On January 18th, 1738, a seemingly puzzled and quiet Ms. Sara Allen, surrounded by a crowd of judges, sat upon the bench of the Old Bailey Courthouse awaiting her sentence. Ms. Allen, accused of killing her newborn bastard infant, listened as the judges had read aloud their final verdict. After a time discussing what was to be Sarah’s fate, the judges deemed that Ms. Allen, being ashamed of birthing a bastard child did, in fact, place the child within a kennel, and proceeded to throw the kennel from a height of three stories. Despite Sarah’s seemingly peculiar behaviour, the judges of the Old Bailey Courthouse dismissed all acquisitions of insanity, finding Ms. Sarah Allen guilty of infanticide. As for her sentence, the judges saw fit that Sarah be burned to death at the stake.
Sarah Allen’s narrative is the astounding story of a female criminal whom had fallen victim to an outdated, inexperienced 18th century judicial system. The case of Ms. Allen possesses a great deal of judicial negligence. In his personal accounts, the Ordinary of Newgate neglects the possibility of criminal insanity. In his defence, the Ordinary believed the accused Ms. Allen’s acted under her own will. The Ordinary based his defence on the fact that the then ill Ms. Allen seemed to recover from her sickened state, and that sometime later she repented her sins. However, the Ordinary’s details seem to be vague assumptions loosely based upon religious beliefs and common sickness. The Ordinary’s accounts are perfect examples of the religious power, and power of the social voice. My argument, here, is that Ms. Sarah Allen’s sentence ruling was influenced by a lack of judicial knowledge surrounding the idea of insanity – that she was burned at the stake for judicial negligence and the power of the eighteenth century social voice.
According to the Ordinary’s Account, this 27 year old female murderess was born unto honest parents. Her father, a well established Blacksmith, provided young Sarah with the opportunity to attain a sound education at a proper educational institution. Eleven years prior to the crime, Ms. Allen had moved from Buckinghamshire to London in pursuit of employment. While in London, Ms. Sarah Allen would find work as a servant for a number of families. Furthermore, Ms. Allen proved to be a mild mannered, honest young women. With each family, Ms. Allen gained a strong, hard working, positive reputation. While working as a servant in a public house at Westminster, the Ordinary’s Account states that, “she contracted Familiarity with a certain young Man.” As a result of this familiarity, Ms. Allen soon found out that she was with child. Once assured of the pregnancy, Ms. Allen took leave of her service duties and moved into an upper Garret located near Turnstile. It was at this location, the Ordinary Account states, “she threw the [ch]ild out of the Window, three Stories high, in the Street.” William Brumfield, the surgeon called to the scene, described the state of the child upon examination:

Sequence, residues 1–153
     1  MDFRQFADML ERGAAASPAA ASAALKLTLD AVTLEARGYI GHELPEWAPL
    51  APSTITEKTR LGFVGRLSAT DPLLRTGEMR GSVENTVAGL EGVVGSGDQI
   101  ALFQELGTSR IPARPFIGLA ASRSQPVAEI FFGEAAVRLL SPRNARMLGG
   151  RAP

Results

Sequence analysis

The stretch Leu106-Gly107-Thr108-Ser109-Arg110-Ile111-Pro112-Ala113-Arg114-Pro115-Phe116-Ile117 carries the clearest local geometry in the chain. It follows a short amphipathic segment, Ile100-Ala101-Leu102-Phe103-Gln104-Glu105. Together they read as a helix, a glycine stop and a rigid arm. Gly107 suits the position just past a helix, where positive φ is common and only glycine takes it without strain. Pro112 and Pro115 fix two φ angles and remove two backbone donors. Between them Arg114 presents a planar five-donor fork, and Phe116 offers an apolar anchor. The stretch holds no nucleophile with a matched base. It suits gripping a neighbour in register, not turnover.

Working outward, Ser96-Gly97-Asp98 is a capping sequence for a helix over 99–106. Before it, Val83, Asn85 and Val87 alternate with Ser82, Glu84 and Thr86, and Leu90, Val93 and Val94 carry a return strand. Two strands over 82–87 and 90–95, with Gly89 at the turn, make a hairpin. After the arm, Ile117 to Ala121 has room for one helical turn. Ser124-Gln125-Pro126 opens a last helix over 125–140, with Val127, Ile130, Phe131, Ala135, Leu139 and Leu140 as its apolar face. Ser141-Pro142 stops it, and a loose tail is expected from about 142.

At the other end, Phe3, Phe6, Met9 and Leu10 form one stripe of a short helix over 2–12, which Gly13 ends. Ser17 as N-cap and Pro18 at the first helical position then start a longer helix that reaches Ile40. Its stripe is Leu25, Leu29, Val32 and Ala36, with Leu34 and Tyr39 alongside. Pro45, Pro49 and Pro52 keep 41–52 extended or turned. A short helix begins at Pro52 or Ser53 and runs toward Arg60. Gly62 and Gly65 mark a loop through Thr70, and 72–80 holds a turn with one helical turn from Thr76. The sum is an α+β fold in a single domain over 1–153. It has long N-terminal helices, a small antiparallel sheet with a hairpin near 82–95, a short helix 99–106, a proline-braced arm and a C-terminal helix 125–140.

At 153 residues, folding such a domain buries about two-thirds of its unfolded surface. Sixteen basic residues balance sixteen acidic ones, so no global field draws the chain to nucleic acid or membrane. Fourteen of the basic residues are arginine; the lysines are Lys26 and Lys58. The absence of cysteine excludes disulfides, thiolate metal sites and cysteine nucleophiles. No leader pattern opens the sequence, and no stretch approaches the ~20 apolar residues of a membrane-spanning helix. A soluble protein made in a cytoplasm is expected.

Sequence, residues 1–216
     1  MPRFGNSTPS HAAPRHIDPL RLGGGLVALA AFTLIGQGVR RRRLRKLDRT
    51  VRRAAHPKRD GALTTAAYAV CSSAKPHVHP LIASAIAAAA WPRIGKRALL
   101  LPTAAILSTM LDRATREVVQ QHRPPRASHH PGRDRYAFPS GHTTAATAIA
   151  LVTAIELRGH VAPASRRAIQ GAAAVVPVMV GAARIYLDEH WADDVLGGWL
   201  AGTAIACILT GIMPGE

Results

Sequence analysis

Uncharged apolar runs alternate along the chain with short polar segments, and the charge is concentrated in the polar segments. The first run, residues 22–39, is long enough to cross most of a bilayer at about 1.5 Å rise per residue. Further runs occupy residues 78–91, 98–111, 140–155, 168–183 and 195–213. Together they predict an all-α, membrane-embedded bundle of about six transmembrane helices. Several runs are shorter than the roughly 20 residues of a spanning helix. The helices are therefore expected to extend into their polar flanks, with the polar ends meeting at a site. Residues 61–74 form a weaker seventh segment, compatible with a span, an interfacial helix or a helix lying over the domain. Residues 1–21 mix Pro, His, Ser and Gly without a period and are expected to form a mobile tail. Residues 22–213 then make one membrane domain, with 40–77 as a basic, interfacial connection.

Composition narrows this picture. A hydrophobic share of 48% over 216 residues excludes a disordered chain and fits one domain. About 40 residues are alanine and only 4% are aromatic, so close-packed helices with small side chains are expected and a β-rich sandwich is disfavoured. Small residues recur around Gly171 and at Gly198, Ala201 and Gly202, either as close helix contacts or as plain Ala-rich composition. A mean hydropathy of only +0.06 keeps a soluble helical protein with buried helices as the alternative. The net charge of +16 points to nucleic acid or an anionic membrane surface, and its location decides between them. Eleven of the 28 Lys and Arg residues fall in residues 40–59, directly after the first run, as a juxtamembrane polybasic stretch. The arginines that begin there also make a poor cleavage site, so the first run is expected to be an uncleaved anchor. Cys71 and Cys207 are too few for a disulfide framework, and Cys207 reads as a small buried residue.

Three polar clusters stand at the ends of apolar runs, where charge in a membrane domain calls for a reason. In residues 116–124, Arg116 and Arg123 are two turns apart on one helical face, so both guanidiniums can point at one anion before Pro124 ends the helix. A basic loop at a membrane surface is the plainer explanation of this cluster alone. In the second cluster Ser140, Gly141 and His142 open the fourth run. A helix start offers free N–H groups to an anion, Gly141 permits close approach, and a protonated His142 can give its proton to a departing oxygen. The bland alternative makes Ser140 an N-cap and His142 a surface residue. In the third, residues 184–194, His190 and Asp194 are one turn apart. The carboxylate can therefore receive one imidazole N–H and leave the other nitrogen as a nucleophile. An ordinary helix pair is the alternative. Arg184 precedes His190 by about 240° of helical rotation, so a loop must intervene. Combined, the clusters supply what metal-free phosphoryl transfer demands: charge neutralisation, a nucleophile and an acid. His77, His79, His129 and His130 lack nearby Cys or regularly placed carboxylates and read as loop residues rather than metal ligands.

“I found a large Bruise on the back Part of the Head, which we call the Os Occipitis. The Scull was not fractured, and the Reason it was not I think is this; that in a Subject to young, the Bones are of too fine a Texture to break. I took off the Cranium, and found a large quantity of Blood upon the Brain, which I suppose was occasioned by the Fall. There was likewise a great deal of Blood in the Belly and Breast, which proceeded from the Rupture of some Blood Vessel, and these Things were the Occasion of its Death. I try’d the Experiment of the Lungs in Water, (which I take to be very certain) and they floated; this in my Opinion, was a sure Sign that the Child had breath’d; for if it had not, they would have subsided in the Water.”
On the 6th of October, 1738, a witness to the trial, named Elizabeth Scott, claimed while on an evening walk she had come across a kennel beneath the upper window of Ms. Allens’ home. Upon a closer view of the kennel, which had been leaning against the lower level neighbours door, the witness, Elizabeth Scott, discovered the contents which occupied the inside of the kennel. Ms. Scott attested that when she moved closer to the kennel, she found within it a small, deceased infant child. Overwhelmed with such a sight, Ms Scott told the court that she then proceeded to the nearest tavern to get a “Pint of Pearl.” Upon returning to the scene, the witness, Ms. Scott, had noticed that a crowd of folk surrounded Mr. Frayer’s doorway. Once inside the home of Mr. Frayer, Ms. Scott found the accused sitting in a chair alongside the deceased infant. Shocked and infuriated, Ms. Scott approached Ms. Allen and proceeded to ask her, “How could you be so barbarous as to throw your child out of the window?” Only the repeated utterance, Ms. Scott told the court, that came from her lips was “the Lord knows! The Lord knows!”